When it comes to buying a car, even the most sensible and organised people seem to go into a complete panic, making stupid decisions and ignoring their own instincts because they are suddenly put under pressure in an uncomfortable environment.
The complete guide to getting a great deal on buying a car would fill a whole book, but since you’re probably here looking for immediate answers and advice on buying your next car, here are The Car Expert’s Ten Golden Rules on buying a new or used car. Follow these pearls of wisdom and you are far more likely to end up with a decent car – and get a decent deal on it, too.
Rule 1. Do not sign anything unless you are 100% committed to buying the car
Signing a form indicates you are legally committing to what that form says. In a car showroom, if you sign a form then you are generally agreeing to buy a car.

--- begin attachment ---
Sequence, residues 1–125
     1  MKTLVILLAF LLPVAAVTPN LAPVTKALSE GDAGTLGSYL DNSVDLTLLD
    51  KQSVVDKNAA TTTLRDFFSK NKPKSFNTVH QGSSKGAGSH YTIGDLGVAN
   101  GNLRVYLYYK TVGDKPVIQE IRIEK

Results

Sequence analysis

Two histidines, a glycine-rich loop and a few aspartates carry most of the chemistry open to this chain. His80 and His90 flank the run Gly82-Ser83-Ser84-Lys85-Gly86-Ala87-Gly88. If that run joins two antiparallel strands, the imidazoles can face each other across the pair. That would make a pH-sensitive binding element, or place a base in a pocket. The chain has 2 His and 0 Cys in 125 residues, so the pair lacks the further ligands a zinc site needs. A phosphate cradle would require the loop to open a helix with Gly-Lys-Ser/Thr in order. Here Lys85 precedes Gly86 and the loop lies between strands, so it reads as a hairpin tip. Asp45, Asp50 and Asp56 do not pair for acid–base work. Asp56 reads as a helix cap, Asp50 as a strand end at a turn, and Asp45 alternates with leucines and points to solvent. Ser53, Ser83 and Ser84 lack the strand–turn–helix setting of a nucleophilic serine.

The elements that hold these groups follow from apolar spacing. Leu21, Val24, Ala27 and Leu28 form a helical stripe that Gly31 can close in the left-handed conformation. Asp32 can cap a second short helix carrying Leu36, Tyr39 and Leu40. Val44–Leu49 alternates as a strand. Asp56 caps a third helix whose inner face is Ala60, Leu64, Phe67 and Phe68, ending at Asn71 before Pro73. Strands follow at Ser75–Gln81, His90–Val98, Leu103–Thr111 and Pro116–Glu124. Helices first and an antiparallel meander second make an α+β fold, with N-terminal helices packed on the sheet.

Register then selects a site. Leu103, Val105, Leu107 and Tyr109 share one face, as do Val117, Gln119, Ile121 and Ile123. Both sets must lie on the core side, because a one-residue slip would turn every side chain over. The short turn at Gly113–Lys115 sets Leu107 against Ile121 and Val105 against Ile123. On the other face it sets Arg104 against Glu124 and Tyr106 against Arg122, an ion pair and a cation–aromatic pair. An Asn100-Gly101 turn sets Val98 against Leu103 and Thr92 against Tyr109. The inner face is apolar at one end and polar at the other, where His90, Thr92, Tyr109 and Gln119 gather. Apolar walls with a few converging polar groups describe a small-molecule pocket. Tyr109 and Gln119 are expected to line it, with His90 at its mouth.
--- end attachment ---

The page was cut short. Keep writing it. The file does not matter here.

You don’t need to sign anything for a quote, whether it’s for a car or for finance. Any dealer that tells you that you need to sign anything “to hold the price until you make up your mind” is lying. You don’t need to do that. You are signing a contract to buy a car.
You may have to sign a test drive form to make sure you are covered for insurance purposes, but you don’t have to sign a vehicle order. If a dealer won’t allow a test drive without signing an order for the car first “subject to a satisfactory test drive”, walk away.
If you’re not 100% sure it’s what you want, or whether your significant other will like it, or if you haven’t got an insurance quote yet, or if you’re not sure it will fit in the garage, or for any other reason at all, don’t sign the form. Don’t be pressured into signing anything (see Rule 4 and Rule 9). Only sign when you are good and ready.
Once you sign a contract to buy a car, you have legally committed yourself to it and you can be held to it. Changing your mind after you sign on the dotted line is much harder than before putting pen to paper, and potentially much more expensive.
Next page: Before you reach for your wallet…